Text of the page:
72. Memorandum From the Assistant Secretary of the Treasury for International Affairs (Bergsten) to Secretary of the Treasury Blumenthal 1
- EPG Meeting on Japan—November 9 at 9:30 AM
Attached at Tab A is your agenda memo for the meeting; the more detailed interagency paper is at Tab B.2 After laying out the underlying facts, U.S. objectives and Japanese constraints, the papers outline four policy approaches (detailed in Appendix 1 of Tab B):
—Our option of “assured import shares”.
—Commerce’s proposal that Japan double its imports of manufactures over the next two or three years.
—State’s proposal that Japan achieve a current account deficit in 1979, and adopt precise measures now to achieve that objective.
—A combination of the current account target and increased market shares for imports.
There is widespread agreement on the two key issues. First, all agree that the Japanese must move to (a) reduce/or eliminate their global (not bilateral) surpluses in the short run and (b) make structural changes to raise the market share of imported manufactured and agricultural goods over the longer run. Hence the eventual package will have to include both an immediate current account target and a direct assault on the structural problems, a la one of the first two options.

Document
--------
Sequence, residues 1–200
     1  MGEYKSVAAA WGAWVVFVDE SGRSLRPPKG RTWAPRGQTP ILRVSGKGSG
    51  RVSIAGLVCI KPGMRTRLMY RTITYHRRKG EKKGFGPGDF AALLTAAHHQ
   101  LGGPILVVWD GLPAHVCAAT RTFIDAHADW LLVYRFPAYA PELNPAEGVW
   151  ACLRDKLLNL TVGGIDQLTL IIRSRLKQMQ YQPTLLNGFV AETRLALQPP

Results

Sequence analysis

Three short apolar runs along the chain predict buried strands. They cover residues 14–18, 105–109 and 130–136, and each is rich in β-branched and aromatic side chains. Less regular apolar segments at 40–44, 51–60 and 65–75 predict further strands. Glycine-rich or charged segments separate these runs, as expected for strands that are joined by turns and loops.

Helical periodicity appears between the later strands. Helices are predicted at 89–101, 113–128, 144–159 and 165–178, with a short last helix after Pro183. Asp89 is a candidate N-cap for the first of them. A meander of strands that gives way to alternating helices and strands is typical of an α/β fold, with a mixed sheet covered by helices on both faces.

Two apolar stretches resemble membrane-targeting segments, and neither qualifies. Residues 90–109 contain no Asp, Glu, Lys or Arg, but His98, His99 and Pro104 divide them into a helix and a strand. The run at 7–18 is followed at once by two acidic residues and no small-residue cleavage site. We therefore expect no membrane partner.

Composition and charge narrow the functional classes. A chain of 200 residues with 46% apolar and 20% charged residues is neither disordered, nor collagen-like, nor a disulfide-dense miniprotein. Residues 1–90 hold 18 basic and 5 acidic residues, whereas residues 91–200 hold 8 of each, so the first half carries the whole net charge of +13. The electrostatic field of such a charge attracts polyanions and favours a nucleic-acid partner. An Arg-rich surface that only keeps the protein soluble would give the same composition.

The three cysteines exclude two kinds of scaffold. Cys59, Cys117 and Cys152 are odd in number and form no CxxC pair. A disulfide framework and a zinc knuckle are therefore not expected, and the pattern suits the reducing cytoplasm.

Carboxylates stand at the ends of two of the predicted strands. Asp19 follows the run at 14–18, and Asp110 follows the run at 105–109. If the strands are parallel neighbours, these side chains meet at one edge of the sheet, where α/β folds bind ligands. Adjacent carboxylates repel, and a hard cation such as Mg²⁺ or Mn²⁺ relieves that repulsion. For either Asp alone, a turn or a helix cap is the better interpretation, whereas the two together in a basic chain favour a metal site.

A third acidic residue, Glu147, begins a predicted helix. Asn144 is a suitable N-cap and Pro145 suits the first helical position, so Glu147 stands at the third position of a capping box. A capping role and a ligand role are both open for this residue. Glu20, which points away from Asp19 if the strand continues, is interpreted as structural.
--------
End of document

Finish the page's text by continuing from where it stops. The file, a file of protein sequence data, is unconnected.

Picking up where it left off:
Second, there is agreement that we here in Washington cannot judge which means to achieve these goals will be least objectionable to [Page 236]the Japanese. Hence we should essentially present Fukuda with all of our options and ask him to choose which combination is most achievable—assuring, however, that it will achieve our fundamental objectives.
This approach should adequately promote U.S. economic objectives while minimizing the costs to overall U.S.-Japanese relations. However, it is essential that the package we present—and those who present it to the Japanese—assign adequate weight to the structural, longer term measures.
Your objectives at the meeting should thus be fourfold:
—To get agreement on sufficiently detailed proposals to make up a credible presentation to the Japanese; the short-term package is detailed in Appendix 2 of Tab B, and the long-term alternatives at Tab C. The real choice is between seeking GOJ agreement/commitment on ultimate goals or on changes in specific policies or some combination of the two.
—To assure full inclusion of the long-term, structural elements in the package.
—To reach agreement on a tactical approach which will assure accurate presentation of the package to the Japanese.
—To create interagency machinery for USG monitoring and follow-up.
For the short-term package, the list in Appendix 2 is acceptable if we want to incorporate specific measures to buttress the GOJ current account commitment.
For the longer term, we prefer the market shares approach. Value targets (such as a doubling of imports) are overwhelmingly determined by economic growth and other macroeconomic factors. Under this approach, we would seek a GOJ commitment to raise the import component of its consumption of consumer goods (and the other main sectors) from x% to y% by, say, 1980.